What will it take to move the NDP from 20% to 25% in the polls?

105 posts / 0 new
Last post
Boom Boom Boom Boom's picture

Jack has been (and is) a great leader. I think at some time in the not-too-distant future I'd like to see Mulclair succeed him. How old is Mulclair, anyone know? He looks a youngish middle-age to me.


he's 55

Ken Burch Ken Burch's picture

DaveW wrote:

back to Quebec:

if anywhere CAN produce a huge electoral swing, wiping out a party and its history, it is Quebec, as we have seen it 2-3 times in my life, the first time with the dynamic Rene Levesque who helped found and shape a young party and took -- from its founding to taking power -- eight (8) years total; not bad

but granted, the 1970s PQ had 2 elements the NDP and/or NDP-Quebec does not have today: a giant-sized issue generating lots of enthusiasm, and a charismatic leader who everybody could identify with, to some  degree

the second  model, and no doubt this is the first and only time Mulroney ever gets any praise on this board, is of course the federal Tories in 1984+ , who transformed a super-solid Liberal red bastion into a blue sea; I lived in Outremont riding in 1988 and it swung Tory for the first time .... since Confederation(!), so that is a BIG swing;

how did they do it?

a weak leader for Liberals, electorate finally tired of them after Trudeau, a social-economic opening (nationalism, free trade) that Liberals could not match, add a glad-handing happy-warrior Conservative leader and, shazzam!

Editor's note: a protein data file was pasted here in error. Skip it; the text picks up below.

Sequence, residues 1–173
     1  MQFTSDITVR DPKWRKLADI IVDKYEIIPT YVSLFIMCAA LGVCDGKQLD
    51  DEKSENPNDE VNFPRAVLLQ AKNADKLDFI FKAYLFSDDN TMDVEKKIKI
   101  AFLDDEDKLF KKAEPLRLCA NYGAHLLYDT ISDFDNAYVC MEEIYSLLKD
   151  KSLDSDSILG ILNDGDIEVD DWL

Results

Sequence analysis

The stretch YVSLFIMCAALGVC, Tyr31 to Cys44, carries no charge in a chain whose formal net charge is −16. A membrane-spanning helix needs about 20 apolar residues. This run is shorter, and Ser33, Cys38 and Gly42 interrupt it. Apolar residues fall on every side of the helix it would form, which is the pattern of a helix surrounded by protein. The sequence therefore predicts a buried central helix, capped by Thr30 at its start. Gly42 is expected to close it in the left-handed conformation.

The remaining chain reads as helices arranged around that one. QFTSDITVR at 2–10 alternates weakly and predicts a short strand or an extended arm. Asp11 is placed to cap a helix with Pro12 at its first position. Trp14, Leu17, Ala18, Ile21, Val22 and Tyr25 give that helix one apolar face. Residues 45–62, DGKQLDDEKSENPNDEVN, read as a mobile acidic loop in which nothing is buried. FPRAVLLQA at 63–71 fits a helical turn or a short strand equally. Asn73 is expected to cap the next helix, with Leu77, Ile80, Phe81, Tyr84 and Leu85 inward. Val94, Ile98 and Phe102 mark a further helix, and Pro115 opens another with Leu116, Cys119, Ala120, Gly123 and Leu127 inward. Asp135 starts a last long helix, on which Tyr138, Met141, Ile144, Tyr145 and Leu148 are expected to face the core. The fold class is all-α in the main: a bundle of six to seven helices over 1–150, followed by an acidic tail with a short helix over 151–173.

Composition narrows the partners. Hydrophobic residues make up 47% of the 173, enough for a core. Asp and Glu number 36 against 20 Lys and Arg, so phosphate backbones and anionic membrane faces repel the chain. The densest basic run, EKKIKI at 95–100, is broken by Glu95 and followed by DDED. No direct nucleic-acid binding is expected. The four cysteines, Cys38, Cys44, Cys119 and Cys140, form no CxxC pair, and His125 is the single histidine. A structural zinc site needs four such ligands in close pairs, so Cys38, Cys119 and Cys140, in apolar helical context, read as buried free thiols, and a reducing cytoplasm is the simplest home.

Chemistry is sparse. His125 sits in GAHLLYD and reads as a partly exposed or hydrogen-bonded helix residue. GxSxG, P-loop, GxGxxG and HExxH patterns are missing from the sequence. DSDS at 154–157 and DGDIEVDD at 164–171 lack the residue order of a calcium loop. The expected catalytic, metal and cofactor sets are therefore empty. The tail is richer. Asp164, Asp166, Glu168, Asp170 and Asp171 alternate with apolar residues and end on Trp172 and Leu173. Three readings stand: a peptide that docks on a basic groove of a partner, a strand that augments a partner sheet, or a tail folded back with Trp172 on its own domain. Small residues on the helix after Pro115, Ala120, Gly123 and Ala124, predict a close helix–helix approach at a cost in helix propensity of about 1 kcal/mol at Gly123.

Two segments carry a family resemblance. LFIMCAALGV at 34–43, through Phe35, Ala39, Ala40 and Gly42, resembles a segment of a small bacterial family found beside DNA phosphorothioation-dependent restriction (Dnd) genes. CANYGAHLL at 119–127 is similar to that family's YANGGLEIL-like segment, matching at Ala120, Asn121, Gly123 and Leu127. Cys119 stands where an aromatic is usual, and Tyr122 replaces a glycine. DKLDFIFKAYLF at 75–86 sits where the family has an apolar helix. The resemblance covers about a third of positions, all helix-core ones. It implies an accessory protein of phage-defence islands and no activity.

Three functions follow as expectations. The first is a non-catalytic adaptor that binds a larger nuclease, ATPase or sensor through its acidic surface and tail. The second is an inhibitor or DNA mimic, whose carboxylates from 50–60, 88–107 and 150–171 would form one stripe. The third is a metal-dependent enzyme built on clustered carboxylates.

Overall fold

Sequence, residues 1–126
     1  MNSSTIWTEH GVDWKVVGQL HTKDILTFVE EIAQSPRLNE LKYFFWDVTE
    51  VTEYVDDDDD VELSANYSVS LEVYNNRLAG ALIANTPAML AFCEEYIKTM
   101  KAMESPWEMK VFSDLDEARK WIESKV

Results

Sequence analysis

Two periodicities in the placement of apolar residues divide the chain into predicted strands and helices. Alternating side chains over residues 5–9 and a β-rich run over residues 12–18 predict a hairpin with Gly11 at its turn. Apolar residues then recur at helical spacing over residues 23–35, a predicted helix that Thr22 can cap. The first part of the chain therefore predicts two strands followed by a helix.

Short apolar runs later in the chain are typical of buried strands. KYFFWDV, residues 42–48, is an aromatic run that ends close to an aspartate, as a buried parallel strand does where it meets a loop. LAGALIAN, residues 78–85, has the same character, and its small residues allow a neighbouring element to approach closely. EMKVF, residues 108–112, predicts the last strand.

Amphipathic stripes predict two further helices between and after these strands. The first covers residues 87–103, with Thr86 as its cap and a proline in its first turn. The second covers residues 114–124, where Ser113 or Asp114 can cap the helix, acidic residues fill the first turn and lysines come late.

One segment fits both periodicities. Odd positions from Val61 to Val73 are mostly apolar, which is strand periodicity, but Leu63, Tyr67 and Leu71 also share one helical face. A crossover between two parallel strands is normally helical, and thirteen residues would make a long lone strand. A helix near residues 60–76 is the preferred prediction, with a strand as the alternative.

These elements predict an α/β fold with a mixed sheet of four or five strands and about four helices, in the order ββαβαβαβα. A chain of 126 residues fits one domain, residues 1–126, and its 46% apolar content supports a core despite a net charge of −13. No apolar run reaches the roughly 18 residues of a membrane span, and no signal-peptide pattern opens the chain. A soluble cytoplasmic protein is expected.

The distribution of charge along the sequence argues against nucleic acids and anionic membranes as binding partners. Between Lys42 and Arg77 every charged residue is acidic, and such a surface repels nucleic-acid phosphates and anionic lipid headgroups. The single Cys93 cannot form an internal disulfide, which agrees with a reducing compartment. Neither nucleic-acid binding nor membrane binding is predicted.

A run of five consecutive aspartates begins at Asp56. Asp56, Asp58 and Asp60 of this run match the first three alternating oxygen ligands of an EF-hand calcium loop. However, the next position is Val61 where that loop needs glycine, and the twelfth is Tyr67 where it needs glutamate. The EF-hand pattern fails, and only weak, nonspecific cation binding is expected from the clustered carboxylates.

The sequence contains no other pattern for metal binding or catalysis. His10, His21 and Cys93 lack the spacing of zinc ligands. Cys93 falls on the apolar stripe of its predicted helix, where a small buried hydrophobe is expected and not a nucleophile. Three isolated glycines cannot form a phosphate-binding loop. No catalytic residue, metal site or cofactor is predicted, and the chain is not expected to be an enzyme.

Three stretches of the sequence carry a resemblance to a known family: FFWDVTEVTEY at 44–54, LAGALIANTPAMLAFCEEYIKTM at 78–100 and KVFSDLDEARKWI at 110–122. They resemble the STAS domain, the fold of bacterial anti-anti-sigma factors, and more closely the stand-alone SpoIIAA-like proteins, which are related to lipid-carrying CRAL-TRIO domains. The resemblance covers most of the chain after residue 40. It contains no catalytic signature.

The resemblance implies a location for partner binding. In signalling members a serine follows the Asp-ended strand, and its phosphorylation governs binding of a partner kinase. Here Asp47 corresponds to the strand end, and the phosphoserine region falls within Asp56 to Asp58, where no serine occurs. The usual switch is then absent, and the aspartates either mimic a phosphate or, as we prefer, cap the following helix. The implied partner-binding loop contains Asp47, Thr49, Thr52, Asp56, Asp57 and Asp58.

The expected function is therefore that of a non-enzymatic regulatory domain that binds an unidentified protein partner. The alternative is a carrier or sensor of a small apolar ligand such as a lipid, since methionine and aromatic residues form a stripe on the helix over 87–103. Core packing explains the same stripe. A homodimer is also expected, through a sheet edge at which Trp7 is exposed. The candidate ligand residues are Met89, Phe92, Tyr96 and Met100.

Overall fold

some elements match today's Quebec, but I don't see the NDP making headway without that kind of once-a-generation alignment of political events  -- but you never know, eh?



You forgot the previous "great wipe-out" in Quebec-the PC landslide/Liberal collapse of 1958.  The factor THAT shared with 1984 that you didn't mention was that it was the first time in a long-period in which the Liberals didn't have a francophone leader(1958 was the first election after St. Laurent's retirement).  Quebec Liberal loyalty was often more to the leader than the party(and in 1984, this was made more complex by the fact that Mulroney was the first bilingual Quebecer ever to lead the PC's)  One pattern that emerges in Quebec is that, when neither "old party" has a francophone as leader, the voters tend to shop around more.  It would be interesting to imagine(it won't happen, but it's interesting to think about)what might occur if Layton were replaced by Mulcair as leader in this regard.

Lou Arab Lou Arab's picture


Topic locked